Arms Control Hypocrisy is the Real Threat to Security
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John Bolton was in Israel last week doing his job, fighting the spread of
weapons of mass destruction (WMD). Bolton is the U.S. Undersecretary of State
for Arms Control. But the way he was doing his job is enough to make you laugh
-- and cry.
Israeli Prime Minister Ariel Sharon told Bolton that after the U.S. demolishes
Iraq, it had better to move on to Iran. Not to worry, Bolton replied. Iran is
high on the Bush administration's to-do list. So is Syria. When it comes to the
danger of WMD in the Middle East, the U.S. and Israeli governments are on the
The joke, of course, is that only one nation in the Middle East has a massive
arsenal of WMD: Israel itself. Secretary Bolton was polite enough not to mention
that embarrassing fact. It would have been so rude to his hosts.
Bolton also stopped off to see Israel's Foreign Minister, Benjamin Netanyahu.
Perhaps Bolton took along his special advisor, David Wurmser. It would have been
a nice reunion, since Wurmser was once an advisor to Netanyahu. In 1996, Wurmser
co-authored a report for Netanyahu: "A Clean Break: A New Strategy for
Securing the Realm." The chief author, Richard Perle, and another
co-author, Douglas Feith, are now high-ranking Pentagon officials.
In that report, Perle, Wurmser and company laid out a truly messianic vision.
Israel can gain political control of the entire Middle East, they said. The key
is to contain "and perhaps roll back" Syria, by surrounding it with an
Israeli-led alliance including Turkey, Jordan, and Iraq. How to get Iraq into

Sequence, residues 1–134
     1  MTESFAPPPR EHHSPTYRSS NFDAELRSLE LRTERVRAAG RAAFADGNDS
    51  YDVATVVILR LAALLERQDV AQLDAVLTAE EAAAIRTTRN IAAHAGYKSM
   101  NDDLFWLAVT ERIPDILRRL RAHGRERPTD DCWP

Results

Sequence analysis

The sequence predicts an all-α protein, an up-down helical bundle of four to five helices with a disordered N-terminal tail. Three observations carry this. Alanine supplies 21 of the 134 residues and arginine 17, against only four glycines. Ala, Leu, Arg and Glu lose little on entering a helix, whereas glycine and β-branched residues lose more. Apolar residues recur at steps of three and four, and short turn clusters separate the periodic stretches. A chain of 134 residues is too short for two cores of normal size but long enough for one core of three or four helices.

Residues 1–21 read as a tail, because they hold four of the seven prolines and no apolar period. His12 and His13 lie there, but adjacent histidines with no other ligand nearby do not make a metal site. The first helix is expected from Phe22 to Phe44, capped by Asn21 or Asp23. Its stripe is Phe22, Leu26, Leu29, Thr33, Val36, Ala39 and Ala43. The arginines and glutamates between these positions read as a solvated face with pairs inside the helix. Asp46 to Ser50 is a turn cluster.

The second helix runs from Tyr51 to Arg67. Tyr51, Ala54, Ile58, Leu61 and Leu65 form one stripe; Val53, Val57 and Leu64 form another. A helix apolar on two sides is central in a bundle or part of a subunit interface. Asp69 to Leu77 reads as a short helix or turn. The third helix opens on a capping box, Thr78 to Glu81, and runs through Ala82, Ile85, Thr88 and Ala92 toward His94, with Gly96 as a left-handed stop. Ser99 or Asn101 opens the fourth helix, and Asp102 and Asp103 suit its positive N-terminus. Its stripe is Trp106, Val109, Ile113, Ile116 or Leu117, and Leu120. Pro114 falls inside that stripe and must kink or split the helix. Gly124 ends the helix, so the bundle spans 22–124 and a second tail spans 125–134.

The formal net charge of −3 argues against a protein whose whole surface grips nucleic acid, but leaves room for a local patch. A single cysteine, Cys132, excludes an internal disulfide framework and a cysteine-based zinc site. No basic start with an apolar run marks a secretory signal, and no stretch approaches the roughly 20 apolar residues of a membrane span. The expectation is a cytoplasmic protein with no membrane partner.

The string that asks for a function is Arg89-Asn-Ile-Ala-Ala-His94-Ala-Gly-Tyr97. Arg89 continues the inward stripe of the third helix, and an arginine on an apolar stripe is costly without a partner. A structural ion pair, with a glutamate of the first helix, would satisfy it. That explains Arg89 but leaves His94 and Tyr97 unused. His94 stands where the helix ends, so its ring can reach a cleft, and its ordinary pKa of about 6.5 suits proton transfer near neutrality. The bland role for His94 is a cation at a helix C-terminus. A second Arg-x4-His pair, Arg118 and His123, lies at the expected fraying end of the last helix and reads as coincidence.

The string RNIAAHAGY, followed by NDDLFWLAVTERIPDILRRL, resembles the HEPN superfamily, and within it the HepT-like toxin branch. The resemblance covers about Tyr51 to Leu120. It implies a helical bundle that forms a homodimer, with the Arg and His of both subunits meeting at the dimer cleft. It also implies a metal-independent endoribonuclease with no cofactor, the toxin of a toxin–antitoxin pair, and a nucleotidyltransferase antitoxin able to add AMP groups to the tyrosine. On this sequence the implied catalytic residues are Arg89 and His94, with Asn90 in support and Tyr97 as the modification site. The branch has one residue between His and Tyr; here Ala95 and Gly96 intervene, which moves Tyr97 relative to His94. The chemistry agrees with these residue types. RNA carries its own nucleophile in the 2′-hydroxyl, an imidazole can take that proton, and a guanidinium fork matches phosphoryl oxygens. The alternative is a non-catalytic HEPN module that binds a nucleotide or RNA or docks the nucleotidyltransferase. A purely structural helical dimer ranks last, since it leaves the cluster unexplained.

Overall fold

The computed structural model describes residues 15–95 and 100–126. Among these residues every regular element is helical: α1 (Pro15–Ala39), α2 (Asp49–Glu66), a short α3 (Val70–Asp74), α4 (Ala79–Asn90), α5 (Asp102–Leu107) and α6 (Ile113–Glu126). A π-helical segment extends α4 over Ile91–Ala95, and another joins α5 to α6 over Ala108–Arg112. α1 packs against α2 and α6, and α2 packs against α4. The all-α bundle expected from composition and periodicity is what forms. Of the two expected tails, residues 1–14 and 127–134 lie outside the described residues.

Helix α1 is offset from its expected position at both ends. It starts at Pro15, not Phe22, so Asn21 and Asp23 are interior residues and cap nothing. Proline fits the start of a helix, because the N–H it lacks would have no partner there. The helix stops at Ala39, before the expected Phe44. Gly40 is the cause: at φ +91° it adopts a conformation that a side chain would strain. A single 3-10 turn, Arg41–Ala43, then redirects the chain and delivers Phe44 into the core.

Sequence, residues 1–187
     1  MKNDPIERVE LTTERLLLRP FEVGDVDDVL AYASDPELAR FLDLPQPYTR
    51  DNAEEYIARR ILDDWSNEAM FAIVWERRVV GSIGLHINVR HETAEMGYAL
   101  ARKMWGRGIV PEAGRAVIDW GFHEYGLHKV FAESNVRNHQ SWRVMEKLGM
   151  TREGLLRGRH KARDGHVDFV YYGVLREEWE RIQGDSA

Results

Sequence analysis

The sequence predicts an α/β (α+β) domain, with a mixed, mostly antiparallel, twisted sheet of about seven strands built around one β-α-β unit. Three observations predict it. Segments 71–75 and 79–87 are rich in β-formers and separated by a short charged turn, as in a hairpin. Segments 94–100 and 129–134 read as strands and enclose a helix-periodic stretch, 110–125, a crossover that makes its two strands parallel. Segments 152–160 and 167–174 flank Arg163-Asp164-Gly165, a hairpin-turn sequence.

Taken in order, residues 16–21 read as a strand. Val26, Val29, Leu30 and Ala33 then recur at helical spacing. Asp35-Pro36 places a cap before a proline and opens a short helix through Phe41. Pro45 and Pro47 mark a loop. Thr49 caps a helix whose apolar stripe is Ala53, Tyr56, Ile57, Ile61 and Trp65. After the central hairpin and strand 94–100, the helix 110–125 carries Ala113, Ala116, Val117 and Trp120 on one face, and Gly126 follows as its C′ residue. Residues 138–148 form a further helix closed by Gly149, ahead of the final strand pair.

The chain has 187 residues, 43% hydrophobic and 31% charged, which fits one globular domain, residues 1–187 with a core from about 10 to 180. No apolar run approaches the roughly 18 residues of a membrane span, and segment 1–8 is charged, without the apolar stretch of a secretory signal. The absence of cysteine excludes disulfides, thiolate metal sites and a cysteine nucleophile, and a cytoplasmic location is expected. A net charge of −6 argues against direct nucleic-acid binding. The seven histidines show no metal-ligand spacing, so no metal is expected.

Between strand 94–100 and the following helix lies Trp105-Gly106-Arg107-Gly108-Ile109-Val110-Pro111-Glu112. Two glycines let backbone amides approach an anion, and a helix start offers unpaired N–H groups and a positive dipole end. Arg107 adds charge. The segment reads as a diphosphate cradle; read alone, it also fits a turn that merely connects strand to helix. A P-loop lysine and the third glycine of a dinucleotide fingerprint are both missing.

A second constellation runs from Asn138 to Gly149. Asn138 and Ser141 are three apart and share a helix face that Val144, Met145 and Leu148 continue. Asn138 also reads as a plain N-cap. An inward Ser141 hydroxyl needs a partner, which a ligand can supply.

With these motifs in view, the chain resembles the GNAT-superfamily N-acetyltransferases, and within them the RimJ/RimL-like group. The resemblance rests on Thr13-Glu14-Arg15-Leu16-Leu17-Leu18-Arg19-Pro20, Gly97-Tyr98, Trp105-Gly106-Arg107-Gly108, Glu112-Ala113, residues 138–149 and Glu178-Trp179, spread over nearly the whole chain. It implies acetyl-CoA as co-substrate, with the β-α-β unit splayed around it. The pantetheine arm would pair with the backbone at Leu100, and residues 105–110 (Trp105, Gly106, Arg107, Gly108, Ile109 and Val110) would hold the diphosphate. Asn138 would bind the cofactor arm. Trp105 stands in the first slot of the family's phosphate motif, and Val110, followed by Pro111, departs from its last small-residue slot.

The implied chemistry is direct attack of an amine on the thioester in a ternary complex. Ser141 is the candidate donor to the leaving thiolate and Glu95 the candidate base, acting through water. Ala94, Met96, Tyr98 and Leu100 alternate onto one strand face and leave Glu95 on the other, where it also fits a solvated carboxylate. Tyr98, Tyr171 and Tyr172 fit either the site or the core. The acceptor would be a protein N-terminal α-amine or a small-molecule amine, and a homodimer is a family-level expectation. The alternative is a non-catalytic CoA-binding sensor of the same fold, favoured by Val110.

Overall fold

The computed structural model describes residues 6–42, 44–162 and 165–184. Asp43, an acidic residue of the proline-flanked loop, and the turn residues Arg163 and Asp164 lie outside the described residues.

the alliance? Simple. Use "the principle of preemption," get rid of
Saddam Hussein, and put a Hashemite king (from the family that rules Jordan) on
the throne in Baghdad. Meanwhile, Israel would also use Iraq's Shiites to weaken
the power of Iran.
But how to get the U.S. public to support such a plan? We are now seeing the
answer. Scare the public with claims that Iraq's WMD pose a vital threat to our
national security. Then follow Sharon's advice and link Iraq with Iran in the
"axis of evil." Bolton's comments revealed the next and crucial step:
"discover" that Syria also has a WMD program aimed at the U.S.
heartland. That will put Syria in the "axis" too. Once again, it will
be pre-emptive "regime change" time.
Once Israel has friendly governments in place throughout the Middle East, it
won't have anyone to threaten with its WMD. Then Bolton can claim a great
achievement in non-proliferation. This is not to say that Washington is taking
orders from Jerusalem. It's largely the other way around. He who pays the piper
calls the tune, and Washington pays Jerusalem plenty.
But Bolton's remarks in Israel have a much wider implication than U.S. - Israel
relations. With Bolton and Wurmser running our anti-proliferation program, it is
perfectly clear that the Bush administration sees nothing intrinsically wrong
with nuclear, chemical, and biological weapons. They are not out to stop the